“With the hands of Korean compatriots in Japan, the long-awaited monument to the Korean victims of the Nagasaki atomic bomb has finally been erected.”
Kang Seong-chun, head of the Nagasaki Prefectural Headquarters of the Korean People’s Corps in Japan, who led the erection of the monument to the Korean victims, answered as follows when asked about his impressions ahead of the unveiling of the memorial at a press conference for Korean media Tokyo correspondents held at Mindan’s Nagasaki headquarters.
At 10:40 am on the 6th, the ‘Unveiling Ceremony of the Memorial to Korean Atomic Bomb Victims’ will be held at the Peace Park in Nagasaki City, attended by officials from both Korea and Japan, including Korean Ambassador to Japan Kang Chang-il.
On August 9, 1945, at the end of the Pacific War, an atomic bomb was dropped on Nagasaki City, killing about 74,000 people.
Of these, thousands to 10,000 are estimated to be from the Korean Peninsula, which was a Japanese colony at the time.
The Korean Nagasaki Atomic Bomb Victims Memorial Monument was erected 76 years after the victims and 27 years after its construction.
Director Kang said, “In May 1994, Mindan Nagasaki Headquarters asked to provide a place to Nagasaki City for the erection of a memorial to the Korean victims, but the site was not provided due to the peace park redevelopment from 1994 to 1997.” It was pursued, but it was frustrated for various reasons.”
The erection of the memorial, which had hardly made any progress, began in earnest when the Korea Atomic Bomb Victims Association filed a petition for erection in Nagasaki City in March 2011, and in November the following year, the Korean Consulate General in Fukuoka requested the provision of a site for the erection of the memorial in the Peace Park.
In July 2013, the Building Committee was formed centered on Mindan Nagasaki Headquarters.
However, the city of Nagasaki did not give permission for the construction of the building as it raised issues with the inscriptions related to the forced mobilization of the Japanese imperialists, the historical background of the Korean atomic bomb victims, and the design of the monument.
Director Kang, who was the secretary general at the time of the founding of the committee, but has been the chairperson since 2016, said, “We did not see progress at first due to differences in culture and opinion in the shape of the monument and the contents of the inscription, but we persisted in consultations because we understood each other’s significance. It has been built over and over again,” he explained.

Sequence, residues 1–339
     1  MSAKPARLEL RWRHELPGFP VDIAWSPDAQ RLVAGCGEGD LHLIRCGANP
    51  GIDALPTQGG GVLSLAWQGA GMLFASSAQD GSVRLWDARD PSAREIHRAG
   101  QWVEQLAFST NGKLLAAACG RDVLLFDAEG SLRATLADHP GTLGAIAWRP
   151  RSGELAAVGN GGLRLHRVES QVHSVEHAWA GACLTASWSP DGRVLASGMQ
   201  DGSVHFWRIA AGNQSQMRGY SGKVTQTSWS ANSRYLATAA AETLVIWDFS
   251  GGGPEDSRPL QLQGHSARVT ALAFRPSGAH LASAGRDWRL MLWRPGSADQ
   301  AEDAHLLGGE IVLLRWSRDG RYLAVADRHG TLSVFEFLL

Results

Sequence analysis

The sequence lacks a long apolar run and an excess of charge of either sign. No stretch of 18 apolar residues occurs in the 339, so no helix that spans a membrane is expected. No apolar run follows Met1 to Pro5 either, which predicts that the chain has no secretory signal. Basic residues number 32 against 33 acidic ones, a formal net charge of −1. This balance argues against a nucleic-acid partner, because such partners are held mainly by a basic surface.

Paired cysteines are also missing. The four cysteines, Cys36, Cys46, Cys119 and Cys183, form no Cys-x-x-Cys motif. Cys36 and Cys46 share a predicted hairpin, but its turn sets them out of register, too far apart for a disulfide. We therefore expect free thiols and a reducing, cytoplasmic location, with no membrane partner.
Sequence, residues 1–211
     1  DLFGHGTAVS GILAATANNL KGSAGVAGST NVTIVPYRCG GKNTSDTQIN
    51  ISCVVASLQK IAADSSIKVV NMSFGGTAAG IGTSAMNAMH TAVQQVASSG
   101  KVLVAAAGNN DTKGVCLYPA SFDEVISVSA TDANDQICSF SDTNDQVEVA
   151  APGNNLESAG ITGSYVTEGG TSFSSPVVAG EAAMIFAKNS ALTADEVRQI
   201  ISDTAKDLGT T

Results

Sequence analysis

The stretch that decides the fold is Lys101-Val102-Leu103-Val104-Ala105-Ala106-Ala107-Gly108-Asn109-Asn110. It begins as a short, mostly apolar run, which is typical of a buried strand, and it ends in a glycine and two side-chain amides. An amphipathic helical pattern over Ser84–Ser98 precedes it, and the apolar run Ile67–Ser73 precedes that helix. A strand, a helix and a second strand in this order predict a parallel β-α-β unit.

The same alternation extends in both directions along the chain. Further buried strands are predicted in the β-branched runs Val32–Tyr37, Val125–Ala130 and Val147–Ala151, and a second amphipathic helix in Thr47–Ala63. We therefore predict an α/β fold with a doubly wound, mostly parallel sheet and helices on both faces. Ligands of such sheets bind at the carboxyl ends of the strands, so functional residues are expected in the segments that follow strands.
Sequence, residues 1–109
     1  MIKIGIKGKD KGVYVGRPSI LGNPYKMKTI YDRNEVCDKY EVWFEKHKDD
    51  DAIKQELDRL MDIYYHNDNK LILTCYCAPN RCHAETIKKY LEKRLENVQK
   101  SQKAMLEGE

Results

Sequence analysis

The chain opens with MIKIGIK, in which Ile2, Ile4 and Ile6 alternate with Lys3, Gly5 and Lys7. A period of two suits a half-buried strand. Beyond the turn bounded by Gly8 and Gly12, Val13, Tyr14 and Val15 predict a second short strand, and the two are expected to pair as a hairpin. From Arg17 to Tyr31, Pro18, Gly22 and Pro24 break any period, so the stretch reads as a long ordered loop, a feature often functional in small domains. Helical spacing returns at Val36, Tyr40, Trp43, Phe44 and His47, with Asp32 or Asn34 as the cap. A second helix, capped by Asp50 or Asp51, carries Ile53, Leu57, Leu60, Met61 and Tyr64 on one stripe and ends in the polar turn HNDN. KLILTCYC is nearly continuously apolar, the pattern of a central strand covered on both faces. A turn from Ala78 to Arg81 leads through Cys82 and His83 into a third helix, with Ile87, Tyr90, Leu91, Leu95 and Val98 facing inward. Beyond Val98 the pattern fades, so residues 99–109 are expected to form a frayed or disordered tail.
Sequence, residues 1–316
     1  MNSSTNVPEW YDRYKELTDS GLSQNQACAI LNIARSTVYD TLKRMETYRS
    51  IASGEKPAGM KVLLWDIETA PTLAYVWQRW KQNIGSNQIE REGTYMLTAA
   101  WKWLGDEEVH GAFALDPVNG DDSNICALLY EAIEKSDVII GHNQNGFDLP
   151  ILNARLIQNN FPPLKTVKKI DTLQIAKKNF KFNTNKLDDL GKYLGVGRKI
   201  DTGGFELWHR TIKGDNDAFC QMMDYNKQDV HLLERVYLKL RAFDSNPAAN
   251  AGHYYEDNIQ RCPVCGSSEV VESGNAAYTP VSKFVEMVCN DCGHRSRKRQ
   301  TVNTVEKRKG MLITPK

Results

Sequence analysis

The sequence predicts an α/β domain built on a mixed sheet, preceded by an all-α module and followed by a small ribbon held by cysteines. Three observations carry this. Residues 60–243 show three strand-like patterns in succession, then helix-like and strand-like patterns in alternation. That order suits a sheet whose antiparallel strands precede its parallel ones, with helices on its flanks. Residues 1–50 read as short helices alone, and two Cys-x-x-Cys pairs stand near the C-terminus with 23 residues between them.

First of all, regarding the shape of the monument, the erection committee originally planned to make it 3.5m high, but in response to Nagasaki City’s opinion, it was lowered to 3m.
As the city authorities adhered to the position that ‘forced’ is not allowed in relation to the conscription, a compromise was reached with the expression ‘against one’s will’.
In the memorial notice, the background to the occurrence of the Korean atomic bomb victims was explained, saying, “At the end of the Pacific War, the number of cases of conscription and mobilization as workers, soldiers and military personnel against their will increased.”
Director Kang said that the memorial is finally coming to light, and that it is “deeply impressive” and that visitors to Nagasaki Peace Park and the Atomic Bomb Museum can learn about the victims of the atomic bombing of Koreans.
The Korean memorial was located right in front of the Atomic Bomb Museum.
Currently, on one side of Nagasaki Peace Park, there is a ‘Korean Victims Memorial Monument’ built in 1979 led by a Japanese civic group and the Korean Federation of Korean Residents in Japan.
In Hiroshima City, another atomic bombing area, a memorial ceremony for Korean atomic bomb victims in 1970 was erected at the local Peace Memorial Park and a memorial ceremony is held every year on August 5, the day before the atomic bombing of Hiroshima. I couldn’t.
Director Kang said, “From now on, we plan to hold a memorial ceremony in front of the newly erected memorial on August 8, the day before the atomic bombing, every year.”
He added, “I believe that the erection of the memorial was possible thanks to the support of the Korean government and all Koreans and related people in Japan.”
(Photo = Yonhap News)